hope of the church, the grand climax of the
gospel” (Fundamental Belief 25, The Second
Coming of Christ).
Read John 1:6, 7.
W ould you say John the Baptist was successful in carrying out the purpose
for which God had created him? Why or why
not? Does John’s ending seem like that of a
successful person? Why? Why not?
Read again this week’s Key Text in Matthew 11:11. Did you notice how Jesus pays
John the highest honor when He says: “Among
those born of women there has not risen any-
one greater than John the Baptist.” But, imme-
diately following that, He said, “Yet whoever is
least in the kingdom of heaven is greater than
he.” What do you think Jesus meant by this?
Read John 20:21.
According to John 20:21, why did Jesus come to on earth? What does He then
say to us? What very essential event must take
place before we can be effective ambassadors
for Jesus as John the Baptist was? See verse
Read Philippians 2:3-8.
John the Baptist had every opportunity to draw attention to himself . . . his work . . .
his calling. But he didn’t do that. What lesson
is there in his words and actions for us? Check
out these verses written by Paul for a further
emphasis about God’s ideal for success: Phi-
Read Proverbs 3: 5, 6.
E ven within the Christian community today, there is a growing teaching of the prosper-
ity gospel . . . that if we believe and claim the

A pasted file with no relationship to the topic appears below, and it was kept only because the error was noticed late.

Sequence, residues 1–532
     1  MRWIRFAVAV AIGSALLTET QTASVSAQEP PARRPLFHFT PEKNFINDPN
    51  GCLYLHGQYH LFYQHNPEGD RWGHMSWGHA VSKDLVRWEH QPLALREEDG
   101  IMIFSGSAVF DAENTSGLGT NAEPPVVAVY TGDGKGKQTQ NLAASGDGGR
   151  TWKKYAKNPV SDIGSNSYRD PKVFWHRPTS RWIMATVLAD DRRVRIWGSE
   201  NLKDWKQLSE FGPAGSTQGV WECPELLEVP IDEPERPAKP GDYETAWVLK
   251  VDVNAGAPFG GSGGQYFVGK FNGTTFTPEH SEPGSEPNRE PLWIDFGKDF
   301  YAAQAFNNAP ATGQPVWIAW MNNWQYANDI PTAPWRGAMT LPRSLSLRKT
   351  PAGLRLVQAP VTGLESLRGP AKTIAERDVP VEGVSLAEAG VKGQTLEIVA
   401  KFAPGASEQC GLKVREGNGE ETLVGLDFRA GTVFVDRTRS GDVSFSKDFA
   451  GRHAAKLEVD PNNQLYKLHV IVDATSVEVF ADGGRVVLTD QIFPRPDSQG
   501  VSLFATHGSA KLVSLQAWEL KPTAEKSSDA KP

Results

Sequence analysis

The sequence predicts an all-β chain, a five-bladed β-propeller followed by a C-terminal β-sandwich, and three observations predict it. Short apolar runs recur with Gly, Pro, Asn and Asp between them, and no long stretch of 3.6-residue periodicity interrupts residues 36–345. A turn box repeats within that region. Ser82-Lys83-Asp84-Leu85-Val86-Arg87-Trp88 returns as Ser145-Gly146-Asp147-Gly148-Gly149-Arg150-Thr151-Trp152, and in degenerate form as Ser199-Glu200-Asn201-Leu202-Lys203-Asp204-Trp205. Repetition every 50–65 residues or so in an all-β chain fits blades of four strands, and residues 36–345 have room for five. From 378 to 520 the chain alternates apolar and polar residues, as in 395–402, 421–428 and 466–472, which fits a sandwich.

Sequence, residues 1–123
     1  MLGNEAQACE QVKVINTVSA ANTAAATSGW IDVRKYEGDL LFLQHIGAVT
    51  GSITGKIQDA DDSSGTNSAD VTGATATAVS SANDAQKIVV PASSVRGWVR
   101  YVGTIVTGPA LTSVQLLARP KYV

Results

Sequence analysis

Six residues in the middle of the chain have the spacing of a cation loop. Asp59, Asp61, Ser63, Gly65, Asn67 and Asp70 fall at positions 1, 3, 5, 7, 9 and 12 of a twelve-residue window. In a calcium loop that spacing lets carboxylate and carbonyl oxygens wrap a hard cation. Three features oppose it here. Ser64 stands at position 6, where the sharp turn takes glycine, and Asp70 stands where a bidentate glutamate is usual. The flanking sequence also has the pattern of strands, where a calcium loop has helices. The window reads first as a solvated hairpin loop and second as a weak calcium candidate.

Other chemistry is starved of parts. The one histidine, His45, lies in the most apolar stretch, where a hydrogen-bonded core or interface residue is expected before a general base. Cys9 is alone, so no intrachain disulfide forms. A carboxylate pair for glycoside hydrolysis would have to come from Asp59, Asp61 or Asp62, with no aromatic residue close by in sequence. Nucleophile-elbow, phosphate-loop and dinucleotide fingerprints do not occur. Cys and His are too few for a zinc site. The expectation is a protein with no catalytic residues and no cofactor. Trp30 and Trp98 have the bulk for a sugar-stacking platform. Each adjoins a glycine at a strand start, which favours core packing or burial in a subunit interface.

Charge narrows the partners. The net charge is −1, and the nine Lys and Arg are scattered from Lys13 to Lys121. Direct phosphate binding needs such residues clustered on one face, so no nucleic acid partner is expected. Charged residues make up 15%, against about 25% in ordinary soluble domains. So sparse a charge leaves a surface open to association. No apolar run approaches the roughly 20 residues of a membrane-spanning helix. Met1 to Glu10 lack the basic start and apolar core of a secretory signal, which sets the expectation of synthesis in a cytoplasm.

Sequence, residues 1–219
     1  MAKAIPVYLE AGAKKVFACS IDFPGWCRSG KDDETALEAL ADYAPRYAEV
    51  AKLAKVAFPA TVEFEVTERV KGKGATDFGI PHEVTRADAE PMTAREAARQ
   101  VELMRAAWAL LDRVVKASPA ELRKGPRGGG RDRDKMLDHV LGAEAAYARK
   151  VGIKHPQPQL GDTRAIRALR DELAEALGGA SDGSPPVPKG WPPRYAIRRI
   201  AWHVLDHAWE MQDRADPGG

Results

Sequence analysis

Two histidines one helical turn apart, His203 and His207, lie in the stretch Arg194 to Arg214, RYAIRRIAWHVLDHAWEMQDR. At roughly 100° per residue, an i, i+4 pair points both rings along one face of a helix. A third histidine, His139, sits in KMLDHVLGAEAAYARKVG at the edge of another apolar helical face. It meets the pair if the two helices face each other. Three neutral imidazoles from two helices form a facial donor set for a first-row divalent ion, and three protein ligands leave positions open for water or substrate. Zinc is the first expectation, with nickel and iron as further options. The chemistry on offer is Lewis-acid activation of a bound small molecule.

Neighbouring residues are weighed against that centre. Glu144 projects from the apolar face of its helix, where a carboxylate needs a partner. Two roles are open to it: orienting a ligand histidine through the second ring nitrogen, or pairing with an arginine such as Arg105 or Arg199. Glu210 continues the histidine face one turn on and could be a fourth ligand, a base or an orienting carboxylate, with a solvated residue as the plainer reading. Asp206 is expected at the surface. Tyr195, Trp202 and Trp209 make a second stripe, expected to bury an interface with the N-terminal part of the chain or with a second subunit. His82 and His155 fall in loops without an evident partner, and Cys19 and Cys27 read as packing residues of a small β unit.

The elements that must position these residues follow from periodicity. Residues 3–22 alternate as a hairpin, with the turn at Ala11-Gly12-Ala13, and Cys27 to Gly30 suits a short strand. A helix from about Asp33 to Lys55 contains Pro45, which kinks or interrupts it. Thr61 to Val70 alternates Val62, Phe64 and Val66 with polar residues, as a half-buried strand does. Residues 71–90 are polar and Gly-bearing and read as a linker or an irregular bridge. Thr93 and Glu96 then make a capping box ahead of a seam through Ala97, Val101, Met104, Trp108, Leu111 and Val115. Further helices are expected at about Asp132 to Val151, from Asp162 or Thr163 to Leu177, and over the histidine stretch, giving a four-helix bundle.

promises of God, He emerges like some genie
from a bottle to fulfill our desire for success,
wealth, comfort. But what do we learn from
John and from the Messiah whom he heralded?
What, if anything, stands in the way of your
waiting upon God, listening and responding to
God’s will and plan for you, rather than expect-
ing Him to come and fulfill your own desires?
What guidance can you find in Proverbs 3:5, 6?
Read Revelation 11:15.
T ake some time to consider how amazing it is that while John has the distinction
of heralding in the advent of the promised
kingdom of heaven, we stand at the dusk of an
old, dying age when soon in every respect the
kingdom of heaven will be a reality and earth
as we know it will be gone. Jesus will soon
come and take us to be with Him. We have the
distinction of experiencing the other side of the
cross—the mercy, grace, and transformation
that come because of the sacrifice of Christ
and the building of His temple (church), which
cannot be destroyed. If John was a signpost of
what was to come, what does that make us?
What role do you (and I) have in this second
advent of the Messiah?
Read Revelation 11:15 in a loud and dramatic
voice. Can you picture yourself on that great
day? Make a list and pray for all those you
know who need to experience the mercy,
grace, and transformation that comes from
giving their lives to Jesus. Ask God to help you
to daily show His character in your life.
Texts credited to NIV are from the Holy Bible, New International
Version. Copyright © 1973, 1978, 1984, 2011, by Biblica, Inc.
Used by permission. All rights reserved worldwide.
Texts credited to NKJV are from the New King James Version.
Copyright © 1979, 1980, 1982 by Thomas Nelson, Inc. Used
by permission. All rights reserved.
this week’s reading*
The Desire of Ages (or Humble
Hero), chapter 22.
A special adaptation of The Desire of Ages, entitled Humble Hero,
has been created just for you by the White Estate and the Pacific
Press Publishing Association. Get more info about it at: www.
cornerstoneconnections.net. By following this plan you will read
at least one book of the Conflict of the Ages Series each year.
CCLTG text B2 2017.indd 49 10/13/16 3:11 PM